In the 1920s, Aurora Orozco crossed over from Mexico to Texas — a child of African descent who spoke not a word of English. She was an uneasy transplant.

Many years later, in an essay published in 1999, she recalled attitudes towards students who were caught speaking Spanish in school: "My teacher, Mrs. White, would make me stay after class. With a red rubber band, she would hit my poor hands until they nearly bled."

Paul Flahive / Texas Public Radio

This week on Fronteras: 

--A look at how undocumented immigrants without social security numbers pay taxes, and why the IRS doesn’t disclose their identities.

--A legal border crossing in Texas stimulates economies and relations on both sides as it celebrates the second anniversary of its opening.

--Mexican teachers experience Houston classrooms in an international, cultural exchange program.

--A unique protest in support of an arrested Cuban artist brings museums together in solidarity.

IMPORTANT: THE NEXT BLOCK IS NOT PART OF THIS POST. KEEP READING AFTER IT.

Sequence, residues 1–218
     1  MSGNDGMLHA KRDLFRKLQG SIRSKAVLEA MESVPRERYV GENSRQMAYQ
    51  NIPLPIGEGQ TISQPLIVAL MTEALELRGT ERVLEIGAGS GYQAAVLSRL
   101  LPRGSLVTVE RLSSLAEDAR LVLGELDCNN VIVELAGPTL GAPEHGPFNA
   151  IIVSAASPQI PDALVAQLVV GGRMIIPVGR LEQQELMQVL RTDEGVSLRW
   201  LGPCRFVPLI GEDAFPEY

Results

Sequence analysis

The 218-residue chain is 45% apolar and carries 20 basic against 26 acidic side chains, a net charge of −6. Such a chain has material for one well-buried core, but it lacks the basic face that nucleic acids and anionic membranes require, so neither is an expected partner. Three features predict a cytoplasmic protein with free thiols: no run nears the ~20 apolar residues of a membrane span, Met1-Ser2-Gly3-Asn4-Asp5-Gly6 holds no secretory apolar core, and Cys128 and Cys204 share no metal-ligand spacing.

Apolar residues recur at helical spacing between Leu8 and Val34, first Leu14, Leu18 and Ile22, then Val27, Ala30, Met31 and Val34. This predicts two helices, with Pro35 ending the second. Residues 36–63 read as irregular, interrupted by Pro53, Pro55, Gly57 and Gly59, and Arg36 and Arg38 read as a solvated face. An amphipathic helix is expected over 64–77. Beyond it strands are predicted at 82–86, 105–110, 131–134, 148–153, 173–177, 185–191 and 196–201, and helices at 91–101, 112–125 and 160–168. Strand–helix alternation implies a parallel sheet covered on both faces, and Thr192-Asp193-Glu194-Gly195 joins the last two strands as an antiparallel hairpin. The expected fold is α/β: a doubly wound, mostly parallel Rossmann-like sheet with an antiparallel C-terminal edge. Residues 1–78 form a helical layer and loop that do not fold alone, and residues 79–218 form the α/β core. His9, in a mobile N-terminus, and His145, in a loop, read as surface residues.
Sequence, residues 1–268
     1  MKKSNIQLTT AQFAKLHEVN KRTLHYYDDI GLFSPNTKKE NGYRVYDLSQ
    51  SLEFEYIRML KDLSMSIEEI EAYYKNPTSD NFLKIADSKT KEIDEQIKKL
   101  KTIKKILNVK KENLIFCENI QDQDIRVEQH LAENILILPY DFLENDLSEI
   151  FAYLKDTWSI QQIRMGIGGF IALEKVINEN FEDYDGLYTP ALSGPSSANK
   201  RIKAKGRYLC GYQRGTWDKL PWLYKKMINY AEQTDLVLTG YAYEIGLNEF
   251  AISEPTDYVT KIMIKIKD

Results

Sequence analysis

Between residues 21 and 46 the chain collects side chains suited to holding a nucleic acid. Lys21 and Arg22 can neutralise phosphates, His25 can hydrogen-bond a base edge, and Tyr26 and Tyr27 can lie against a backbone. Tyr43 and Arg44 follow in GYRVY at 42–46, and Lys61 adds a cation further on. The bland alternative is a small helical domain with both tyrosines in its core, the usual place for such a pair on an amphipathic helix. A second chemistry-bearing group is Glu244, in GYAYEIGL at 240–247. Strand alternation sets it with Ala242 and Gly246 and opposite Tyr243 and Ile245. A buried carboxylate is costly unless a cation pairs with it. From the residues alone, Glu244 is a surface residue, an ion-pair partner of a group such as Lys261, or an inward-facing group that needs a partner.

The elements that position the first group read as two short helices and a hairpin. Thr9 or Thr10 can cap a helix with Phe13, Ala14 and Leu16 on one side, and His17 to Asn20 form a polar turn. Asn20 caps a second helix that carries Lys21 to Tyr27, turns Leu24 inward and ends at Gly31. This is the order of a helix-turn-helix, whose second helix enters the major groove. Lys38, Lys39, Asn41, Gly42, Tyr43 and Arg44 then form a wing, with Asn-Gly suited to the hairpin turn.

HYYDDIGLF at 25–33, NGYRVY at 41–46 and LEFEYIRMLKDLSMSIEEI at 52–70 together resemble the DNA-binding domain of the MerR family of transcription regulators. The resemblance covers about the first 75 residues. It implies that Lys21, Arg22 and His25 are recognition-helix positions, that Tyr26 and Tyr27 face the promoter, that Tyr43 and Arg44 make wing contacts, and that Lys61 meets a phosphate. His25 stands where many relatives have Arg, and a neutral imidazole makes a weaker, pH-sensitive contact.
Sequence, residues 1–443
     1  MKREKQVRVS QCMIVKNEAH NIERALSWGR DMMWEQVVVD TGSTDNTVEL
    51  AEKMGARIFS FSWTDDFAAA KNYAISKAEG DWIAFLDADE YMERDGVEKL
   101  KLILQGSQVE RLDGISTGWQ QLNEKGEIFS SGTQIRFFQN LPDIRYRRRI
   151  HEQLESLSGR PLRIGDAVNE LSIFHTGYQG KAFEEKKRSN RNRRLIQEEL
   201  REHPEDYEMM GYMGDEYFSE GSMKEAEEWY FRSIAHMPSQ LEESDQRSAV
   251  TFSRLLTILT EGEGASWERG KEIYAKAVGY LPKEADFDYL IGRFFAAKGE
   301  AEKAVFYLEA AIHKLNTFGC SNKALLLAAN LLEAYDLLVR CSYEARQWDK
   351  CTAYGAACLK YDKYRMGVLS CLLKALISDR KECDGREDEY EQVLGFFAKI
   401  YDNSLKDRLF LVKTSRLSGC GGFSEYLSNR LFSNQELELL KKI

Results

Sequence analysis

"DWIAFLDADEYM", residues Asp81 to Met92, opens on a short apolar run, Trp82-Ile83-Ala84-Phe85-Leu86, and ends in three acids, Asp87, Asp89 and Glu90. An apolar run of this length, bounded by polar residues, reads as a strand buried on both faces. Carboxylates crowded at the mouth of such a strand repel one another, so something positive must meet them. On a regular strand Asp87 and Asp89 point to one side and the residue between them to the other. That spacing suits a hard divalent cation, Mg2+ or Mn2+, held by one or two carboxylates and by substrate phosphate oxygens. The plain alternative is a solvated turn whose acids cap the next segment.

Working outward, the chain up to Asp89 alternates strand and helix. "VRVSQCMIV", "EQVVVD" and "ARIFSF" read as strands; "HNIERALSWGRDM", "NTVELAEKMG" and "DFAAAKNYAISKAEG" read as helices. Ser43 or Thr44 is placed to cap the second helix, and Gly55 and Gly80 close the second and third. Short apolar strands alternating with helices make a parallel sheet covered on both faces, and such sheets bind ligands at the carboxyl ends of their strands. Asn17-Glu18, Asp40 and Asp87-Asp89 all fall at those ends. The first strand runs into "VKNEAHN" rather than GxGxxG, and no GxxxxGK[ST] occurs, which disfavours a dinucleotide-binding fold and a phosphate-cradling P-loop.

The Fences Where Spain And Africa Meet

Apr 16, 2015

On a rocky beach in North Africa, a chain-link fence juts out into the Mediterranean Sea.

This is one of Africa's two land borders with Europe, at two Spanish cities on the African continent. Ceuta and Melilla are Spanish soil — and thus part of the European Union — separated from the rest of Europe by the Mediterranean, and separated from the rest of Africa by huge fences.

Ryan E. Poppe

The Texas Senate is considering  a "sanctuary city” bill that would encourage local law enforcement to take a more active role in checking the immigration status for people they come in contact with.    The San Antonio Police Department, and others across Texas,  have organized to fight the bill saying it would interfere with public safety.

Marco Rubio, the charismatic, Hispanic, young (and even younger-looking) freshman senator from Florida is launching his campaign for the White House Monday in Miami.

Rubio, 43, will be entering a growing field of candidates. Right now, he's considered a second-tier candidate, polling behind Wisconsin Gov. Scott Walker and former Florida Gov. Jeb Bush, the man Rubio has called a mentor.

That could change once he gets in. Rubio's advisers believe he has a path to the nomination, with assets few other candidates can match.